Nutritive and Non-Nutritive Sweeteners



London RS. Saccharin and aspartame. Are they safe to consume during pregnancy? J Reprod Med. 1988 Jan; 33 (1): 17-21.

PubMed ID: 3351801
Study Design:
Narrative Review
R - Click here for explanation of classification scheme.
Quality Rating:
Negative NEGATIVE: See Quality Criteria Checklist below.
Research Purpose:
Saccharin and aspartame are commonly used artificial sweeteners. This is a review of some currently available information on the safety in pregnancy with recommendations formulated on their use in the periconceptional period and pregnancy.
Inclusion Criteria:
Exclusion Criteria:
Description of Study Protocol:
A review of the issue of safety using both saccharin and aspartame in pregnancy.
Data Collection Summary:
Description of Actual Data Sample:
Summary of Results:


  • Saccharin was discovered in 1879
  • In 1977, the Food and Drug Administration proposed a ban on the use of saccharin, based on a multi-generational study from the Canadian Health Protetection Branch that showed an increase in bladder tumors in second-generation male rats fed the substance. Methodological problems existed in this investigation and rats have not been validated as a true indicator of carcinogenicity in humans.
  • In 1977, due to high demand for a low-calorie sweetener, the US Congress passed the Saccharin Study and Labeling Act, which placed an 18-month moratorium on the ban against the use of saccharin, until additional research on its safety could be conducted. The act was extended in 1979, 1981, 1983 and more recently in June 1985. The act and extensions required more toxicological research and a warning label on all saccharin-containing foods, stating ”Use of this product may be hazardous to your health. This product contains saccharin which has been determined to cause cancer in laboratory animals."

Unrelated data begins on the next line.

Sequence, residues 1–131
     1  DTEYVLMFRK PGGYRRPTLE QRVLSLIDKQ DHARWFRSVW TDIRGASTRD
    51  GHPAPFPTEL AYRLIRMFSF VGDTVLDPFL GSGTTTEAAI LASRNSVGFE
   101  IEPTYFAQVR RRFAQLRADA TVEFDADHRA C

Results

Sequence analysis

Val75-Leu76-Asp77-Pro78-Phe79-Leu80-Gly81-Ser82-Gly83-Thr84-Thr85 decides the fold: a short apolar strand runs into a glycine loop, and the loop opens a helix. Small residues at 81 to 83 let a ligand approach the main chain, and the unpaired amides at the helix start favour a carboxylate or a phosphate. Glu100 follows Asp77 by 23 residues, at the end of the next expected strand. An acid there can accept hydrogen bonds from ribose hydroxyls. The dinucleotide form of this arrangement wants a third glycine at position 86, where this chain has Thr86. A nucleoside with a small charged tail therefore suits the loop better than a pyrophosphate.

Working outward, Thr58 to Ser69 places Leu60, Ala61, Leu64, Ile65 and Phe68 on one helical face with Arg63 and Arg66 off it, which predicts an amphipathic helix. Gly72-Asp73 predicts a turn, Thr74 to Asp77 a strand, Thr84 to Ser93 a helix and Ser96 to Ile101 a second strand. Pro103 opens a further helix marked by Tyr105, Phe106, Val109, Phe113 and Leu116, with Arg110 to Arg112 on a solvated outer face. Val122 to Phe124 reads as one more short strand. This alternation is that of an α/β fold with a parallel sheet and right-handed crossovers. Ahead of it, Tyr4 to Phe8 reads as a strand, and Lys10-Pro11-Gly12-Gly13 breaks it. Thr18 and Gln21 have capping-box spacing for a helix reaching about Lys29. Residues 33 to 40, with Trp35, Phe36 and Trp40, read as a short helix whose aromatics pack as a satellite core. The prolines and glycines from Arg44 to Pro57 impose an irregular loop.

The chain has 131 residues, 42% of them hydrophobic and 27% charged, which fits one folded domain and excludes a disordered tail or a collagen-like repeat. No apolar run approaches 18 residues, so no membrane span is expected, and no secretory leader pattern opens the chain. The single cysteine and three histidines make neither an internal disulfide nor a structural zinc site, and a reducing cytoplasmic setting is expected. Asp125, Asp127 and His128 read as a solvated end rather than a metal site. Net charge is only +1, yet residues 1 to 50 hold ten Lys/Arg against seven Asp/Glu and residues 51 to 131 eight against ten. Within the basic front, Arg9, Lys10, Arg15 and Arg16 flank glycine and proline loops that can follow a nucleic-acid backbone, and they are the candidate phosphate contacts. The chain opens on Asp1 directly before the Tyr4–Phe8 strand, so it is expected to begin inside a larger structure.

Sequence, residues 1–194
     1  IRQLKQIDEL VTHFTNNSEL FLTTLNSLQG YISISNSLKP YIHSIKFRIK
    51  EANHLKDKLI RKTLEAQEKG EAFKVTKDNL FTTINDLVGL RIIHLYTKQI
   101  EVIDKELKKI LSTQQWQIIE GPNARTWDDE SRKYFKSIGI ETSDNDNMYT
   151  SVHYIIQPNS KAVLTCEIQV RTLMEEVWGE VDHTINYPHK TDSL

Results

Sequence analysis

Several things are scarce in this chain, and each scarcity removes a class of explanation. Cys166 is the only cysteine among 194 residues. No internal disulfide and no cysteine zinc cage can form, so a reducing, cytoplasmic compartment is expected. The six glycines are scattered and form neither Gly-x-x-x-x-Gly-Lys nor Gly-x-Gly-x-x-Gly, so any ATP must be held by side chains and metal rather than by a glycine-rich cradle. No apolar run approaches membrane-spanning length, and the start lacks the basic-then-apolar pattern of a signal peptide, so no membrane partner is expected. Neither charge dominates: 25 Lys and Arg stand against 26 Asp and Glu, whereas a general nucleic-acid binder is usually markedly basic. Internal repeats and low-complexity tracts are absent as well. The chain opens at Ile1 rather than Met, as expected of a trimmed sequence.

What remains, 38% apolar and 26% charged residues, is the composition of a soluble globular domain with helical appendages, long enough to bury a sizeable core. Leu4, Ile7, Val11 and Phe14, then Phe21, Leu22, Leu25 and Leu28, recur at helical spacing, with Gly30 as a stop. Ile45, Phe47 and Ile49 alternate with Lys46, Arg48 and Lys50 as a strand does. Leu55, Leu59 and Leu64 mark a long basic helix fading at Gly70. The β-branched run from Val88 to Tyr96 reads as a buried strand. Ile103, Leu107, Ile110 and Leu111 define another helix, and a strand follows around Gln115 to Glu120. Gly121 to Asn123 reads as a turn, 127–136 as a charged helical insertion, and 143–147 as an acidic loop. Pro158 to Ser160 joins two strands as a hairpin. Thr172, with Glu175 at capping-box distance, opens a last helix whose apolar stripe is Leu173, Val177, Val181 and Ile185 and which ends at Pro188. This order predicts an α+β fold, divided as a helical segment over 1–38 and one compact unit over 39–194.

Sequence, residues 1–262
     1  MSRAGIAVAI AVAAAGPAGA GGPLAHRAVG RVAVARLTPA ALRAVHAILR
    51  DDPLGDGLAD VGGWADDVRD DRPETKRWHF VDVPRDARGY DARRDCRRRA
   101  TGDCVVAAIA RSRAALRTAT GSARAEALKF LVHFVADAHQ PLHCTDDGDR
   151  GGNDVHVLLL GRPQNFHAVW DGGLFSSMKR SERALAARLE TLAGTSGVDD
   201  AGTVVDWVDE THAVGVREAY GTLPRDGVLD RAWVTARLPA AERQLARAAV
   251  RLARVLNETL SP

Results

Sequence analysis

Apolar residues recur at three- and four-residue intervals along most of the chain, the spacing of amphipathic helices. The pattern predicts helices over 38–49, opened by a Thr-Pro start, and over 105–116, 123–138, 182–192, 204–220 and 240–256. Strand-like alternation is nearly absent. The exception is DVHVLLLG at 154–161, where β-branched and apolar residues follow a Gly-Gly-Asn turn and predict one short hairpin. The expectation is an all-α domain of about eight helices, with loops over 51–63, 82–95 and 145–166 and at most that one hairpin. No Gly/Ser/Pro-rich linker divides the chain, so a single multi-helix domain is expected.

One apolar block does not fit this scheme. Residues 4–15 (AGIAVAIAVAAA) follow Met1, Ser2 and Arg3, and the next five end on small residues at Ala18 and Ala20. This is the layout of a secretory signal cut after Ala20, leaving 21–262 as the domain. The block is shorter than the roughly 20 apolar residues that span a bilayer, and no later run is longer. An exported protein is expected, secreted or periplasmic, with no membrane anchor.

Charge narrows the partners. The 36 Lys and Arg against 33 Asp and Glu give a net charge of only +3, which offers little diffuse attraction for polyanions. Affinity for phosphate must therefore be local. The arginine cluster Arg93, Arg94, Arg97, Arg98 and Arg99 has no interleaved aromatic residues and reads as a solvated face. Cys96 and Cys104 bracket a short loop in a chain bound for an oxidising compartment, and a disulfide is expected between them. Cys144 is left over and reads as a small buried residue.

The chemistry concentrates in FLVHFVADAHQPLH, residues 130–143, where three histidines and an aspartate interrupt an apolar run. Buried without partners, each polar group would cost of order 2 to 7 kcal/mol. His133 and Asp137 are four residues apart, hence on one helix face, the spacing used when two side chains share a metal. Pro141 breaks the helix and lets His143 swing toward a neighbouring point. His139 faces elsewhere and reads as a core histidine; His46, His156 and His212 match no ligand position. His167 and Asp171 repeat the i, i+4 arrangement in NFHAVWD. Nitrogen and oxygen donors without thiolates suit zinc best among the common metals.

• To date, numerous biochemical and epidemiologic studies in humans have not demonstrated carcinogenesis and saccharin is currently available for consumption
  • To clarify the issue for clinicians, the Council on Scientific Affairs of the American Medical Association reviewed the available data up to 1985 and concluded, “because epidemiologic studies provide no evidence of increased risk of bladder cancer among users of artificial sweeteners, including saccharin and because there is no ideal artificial sweetener, saccharin should continue to be available as a food additive." However, based on the limited amount of information available, the report advised “careful consideration of saccharin use by young children and pregnant women.” Saccharin should not be recommended for use during the pre-conception and periconception periods.